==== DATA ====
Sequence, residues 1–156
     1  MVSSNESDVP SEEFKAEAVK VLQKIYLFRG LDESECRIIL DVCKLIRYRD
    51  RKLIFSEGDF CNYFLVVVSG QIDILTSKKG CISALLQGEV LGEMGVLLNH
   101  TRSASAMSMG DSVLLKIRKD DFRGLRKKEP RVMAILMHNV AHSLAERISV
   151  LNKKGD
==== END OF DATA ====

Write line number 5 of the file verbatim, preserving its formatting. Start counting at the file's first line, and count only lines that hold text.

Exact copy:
   151  LNKKGD